John Ritenbaugh, affirming that one synonym of pride is arrogance or inordinate self-esteem, suggests that the woman riding the Beast in Revelation 17:9 is none other than the arrogant super power America (or modern Israel), unable to control its wealth, u. . .
The people to whom Amos writes have the mistaken assumption that because they have made the covenant with God, they can bask in a kind of divine favoritism.
John Ritenbaugh reiterates that the false religions embraced by the descendants of Jacob are not preparing God's people for the harsh punishment God will surely bring to modern Israel. Amos indicts rampant dishonest practices in modern Israel, placing dish. . .
John Ritenbaugh observes that ancient Israel had at the core of its religion (as well as its dominant cultural norm) an obsession to serve or please the self at the expense of justice and truth and the best interests of the socially disadvantaged. Because . . .
In this prophetic message, Charles Whitaker compares the arrogant and self-important Man's Report with God's definitive prophecies. Man's boast of increasing reforestation is juxtaposed with prophecies of deforestation and famine, symbolizing the judgment . . .
John Ritenbaugh warns that the pride of Jacob (or his offspring) coupled with the incredible ability to make tremendous technological advances, blinds Israel to its devastating moral deficit. Amos begins with a description or cataloging of the sins of Isra. . .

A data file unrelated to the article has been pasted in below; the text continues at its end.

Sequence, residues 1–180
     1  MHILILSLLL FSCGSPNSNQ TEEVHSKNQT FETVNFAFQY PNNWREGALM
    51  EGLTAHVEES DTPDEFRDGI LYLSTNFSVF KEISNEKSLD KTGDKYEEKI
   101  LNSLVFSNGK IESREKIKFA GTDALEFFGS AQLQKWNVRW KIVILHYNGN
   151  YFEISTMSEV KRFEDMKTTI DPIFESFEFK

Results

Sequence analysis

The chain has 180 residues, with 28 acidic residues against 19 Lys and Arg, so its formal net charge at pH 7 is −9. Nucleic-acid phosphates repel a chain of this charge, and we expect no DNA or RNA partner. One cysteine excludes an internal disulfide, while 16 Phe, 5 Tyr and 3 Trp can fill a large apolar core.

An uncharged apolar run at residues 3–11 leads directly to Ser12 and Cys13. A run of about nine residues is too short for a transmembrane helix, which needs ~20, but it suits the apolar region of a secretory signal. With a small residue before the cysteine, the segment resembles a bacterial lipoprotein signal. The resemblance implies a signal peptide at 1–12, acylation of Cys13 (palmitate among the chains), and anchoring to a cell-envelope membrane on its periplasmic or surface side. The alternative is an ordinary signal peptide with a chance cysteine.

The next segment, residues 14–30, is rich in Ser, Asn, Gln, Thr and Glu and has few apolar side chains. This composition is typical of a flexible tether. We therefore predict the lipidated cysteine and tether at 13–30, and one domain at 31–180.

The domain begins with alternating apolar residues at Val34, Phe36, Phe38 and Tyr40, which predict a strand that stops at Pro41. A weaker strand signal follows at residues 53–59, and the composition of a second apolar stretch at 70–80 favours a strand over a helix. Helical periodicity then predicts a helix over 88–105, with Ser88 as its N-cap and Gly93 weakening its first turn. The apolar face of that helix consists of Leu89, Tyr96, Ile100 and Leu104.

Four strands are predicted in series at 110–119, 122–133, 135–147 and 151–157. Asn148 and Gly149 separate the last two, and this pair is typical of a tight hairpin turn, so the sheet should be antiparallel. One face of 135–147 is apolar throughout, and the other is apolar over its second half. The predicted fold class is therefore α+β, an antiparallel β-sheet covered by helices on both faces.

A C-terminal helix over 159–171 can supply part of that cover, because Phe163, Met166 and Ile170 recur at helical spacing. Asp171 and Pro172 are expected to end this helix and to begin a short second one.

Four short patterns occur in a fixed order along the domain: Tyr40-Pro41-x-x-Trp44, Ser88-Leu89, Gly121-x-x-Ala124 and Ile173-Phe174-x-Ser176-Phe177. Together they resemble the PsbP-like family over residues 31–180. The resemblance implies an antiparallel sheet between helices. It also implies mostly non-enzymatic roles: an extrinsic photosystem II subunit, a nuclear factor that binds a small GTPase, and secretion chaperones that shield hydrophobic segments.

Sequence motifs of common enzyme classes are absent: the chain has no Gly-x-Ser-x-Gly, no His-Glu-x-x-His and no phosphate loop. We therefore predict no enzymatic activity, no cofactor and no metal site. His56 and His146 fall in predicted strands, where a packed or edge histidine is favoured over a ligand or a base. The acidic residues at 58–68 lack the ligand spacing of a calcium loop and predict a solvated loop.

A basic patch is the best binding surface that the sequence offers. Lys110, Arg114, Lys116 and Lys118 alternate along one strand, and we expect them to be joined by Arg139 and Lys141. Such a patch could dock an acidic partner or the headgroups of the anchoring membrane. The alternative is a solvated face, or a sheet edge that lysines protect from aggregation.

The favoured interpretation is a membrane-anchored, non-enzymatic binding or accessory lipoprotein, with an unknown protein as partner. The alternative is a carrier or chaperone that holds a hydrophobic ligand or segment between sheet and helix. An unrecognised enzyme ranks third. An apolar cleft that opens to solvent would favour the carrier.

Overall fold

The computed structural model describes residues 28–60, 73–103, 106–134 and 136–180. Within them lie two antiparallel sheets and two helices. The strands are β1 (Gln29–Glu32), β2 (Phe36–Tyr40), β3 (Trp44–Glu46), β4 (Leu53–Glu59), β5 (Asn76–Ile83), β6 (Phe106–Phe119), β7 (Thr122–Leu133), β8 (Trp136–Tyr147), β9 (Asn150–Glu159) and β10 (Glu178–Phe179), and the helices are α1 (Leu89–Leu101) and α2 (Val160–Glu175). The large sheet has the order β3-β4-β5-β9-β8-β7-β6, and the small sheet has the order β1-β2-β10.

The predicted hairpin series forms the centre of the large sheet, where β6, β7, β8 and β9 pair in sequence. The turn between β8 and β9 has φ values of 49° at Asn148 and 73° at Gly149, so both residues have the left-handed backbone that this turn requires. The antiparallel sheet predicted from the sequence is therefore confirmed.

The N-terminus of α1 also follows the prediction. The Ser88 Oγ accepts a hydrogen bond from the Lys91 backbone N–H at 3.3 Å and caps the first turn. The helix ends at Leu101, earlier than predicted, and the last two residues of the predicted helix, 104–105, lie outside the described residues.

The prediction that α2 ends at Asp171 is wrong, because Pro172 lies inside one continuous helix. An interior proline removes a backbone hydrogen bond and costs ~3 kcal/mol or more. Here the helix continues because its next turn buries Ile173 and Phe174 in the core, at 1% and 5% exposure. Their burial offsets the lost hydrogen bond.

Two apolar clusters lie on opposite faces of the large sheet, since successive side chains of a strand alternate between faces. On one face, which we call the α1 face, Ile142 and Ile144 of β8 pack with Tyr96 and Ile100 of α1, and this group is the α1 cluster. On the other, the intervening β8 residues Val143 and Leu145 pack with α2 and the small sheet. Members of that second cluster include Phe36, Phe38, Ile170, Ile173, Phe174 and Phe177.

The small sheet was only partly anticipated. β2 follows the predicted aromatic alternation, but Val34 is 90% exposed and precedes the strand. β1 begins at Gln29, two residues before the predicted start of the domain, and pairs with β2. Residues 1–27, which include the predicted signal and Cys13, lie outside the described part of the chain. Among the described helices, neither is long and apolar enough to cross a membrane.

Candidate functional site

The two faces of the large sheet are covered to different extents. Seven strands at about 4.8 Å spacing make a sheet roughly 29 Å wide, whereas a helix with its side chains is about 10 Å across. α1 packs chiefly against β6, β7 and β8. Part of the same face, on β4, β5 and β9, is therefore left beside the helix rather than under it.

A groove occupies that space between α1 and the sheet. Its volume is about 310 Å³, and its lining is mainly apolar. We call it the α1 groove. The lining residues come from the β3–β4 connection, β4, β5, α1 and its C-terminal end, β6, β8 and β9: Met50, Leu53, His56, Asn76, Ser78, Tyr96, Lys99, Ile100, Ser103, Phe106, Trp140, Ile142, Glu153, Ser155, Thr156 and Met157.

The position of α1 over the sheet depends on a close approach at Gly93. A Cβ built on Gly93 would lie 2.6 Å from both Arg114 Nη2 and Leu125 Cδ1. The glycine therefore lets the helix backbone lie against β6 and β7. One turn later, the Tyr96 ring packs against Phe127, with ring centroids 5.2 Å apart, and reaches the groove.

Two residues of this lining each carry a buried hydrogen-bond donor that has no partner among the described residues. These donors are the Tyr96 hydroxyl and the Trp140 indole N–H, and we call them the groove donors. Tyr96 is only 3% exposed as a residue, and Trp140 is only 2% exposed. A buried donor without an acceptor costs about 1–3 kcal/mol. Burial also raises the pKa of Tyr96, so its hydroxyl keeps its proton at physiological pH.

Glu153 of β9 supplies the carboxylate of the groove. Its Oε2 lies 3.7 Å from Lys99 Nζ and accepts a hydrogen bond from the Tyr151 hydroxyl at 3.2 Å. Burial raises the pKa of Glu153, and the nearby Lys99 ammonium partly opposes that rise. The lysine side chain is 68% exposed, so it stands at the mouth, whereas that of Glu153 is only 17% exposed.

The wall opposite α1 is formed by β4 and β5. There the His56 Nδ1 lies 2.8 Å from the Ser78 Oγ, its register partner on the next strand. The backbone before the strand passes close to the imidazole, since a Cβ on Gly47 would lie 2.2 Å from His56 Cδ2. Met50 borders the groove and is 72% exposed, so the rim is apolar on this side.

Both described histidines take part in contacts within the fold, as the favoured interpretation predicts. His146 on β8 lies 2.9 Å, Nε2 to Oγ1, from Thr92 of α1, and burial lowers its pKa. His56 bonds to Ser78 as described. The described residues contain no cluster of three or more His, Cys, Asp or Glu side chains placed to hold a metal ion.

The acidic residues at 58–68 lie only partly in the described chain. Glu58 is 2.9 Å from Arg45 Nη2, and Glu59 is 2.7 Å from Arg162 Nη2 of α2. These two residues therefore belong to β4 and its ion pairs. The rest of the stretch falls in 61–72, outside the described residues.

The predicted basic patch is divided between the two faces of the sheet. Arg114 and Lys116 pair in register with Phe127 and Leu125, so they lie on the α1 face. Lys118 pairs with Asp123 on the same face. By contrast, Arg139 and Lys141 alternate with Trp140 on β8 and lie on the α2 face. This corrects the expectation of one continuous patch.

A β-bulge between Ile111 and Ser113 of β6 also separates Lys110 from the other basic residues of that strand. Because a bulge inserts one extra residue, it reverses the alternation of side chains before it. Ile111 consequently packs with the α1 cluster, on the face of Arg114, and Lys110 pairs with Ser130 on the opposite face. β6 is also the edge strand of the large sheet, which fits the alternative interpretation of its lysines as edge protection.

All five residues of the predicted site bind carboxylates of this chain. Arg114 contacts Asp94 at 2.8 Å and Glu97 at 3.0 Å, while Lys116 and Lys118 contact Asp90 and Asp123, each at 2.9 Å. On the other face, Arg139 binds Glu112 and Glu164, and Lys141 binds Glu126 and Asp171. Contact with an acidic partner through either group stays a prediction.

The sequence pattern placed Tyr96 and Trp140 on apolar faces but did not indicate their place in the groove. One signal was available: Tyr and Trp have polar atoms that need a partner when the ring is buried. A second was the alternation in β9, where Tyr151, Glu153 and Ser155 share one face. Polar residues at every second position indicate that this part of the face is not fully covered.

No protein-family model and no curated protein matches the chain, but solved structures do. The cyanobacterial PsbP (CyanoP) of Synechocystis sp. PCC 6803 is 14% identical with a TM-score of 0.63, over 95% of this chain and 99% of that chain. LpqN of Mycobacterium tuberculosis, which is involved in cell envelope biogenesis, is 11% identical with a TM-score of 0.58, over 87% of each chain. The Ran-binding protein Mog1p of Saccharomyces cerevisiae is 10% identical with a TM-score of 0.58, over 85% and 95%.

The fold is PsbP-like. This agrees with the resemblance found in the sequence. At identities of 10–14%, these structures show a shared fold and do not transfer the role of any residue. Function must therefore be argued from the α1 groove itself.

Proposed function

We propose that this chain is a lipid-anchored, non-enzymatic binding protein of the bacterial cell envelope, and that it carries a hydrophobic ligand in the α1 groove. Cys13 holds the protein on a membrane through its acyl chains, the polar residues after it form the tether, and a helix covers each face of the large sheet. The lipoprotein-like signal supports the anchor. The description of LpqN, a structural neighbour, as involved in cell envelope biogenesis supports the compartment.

God prophesies that Israel will be conquered in the end time. Could anti-American sentiment, especially in Europe, be the beginning of the end for modern Israel?
Israel had every opportunity that the Gentiles did not have. God gave the Israelites gifts to live a better way, but they completely failed to reflect Him.
God uses calamities as part of His creative process. Like Jacob, who initially succumbed to weak faith and fear, we must repent of our loss of devotion to God.
As Lamentations opens, Jerusalem is personified as a widow who has had to endure the destruction of her family as well as the mocking scorn from the captors.
Scripture takes a very stern view of sin because it is failure to live up to God's standard and destroys relationships, especially our relationship with God.
Sin creates estrangement from God, causing us to fail in everything we attempt. Sin always produces separation; it never heals, but causes death.
John Ritenbaugh addresses three foundational principles: 1) God's omniscience (knowledge of what is going on everywhere); 2) God's assurance that even though we have trials, they all have a niche in His overall purpose;, and 3) God's continual providence i. . .
John Ritenbaugh examines our society's inability to deal with reality, turning instead to media-concocted distortions. By refusing to believe God's Word, rejecting His doctrine, society does not find God to be real (including many church-going people, who . . .
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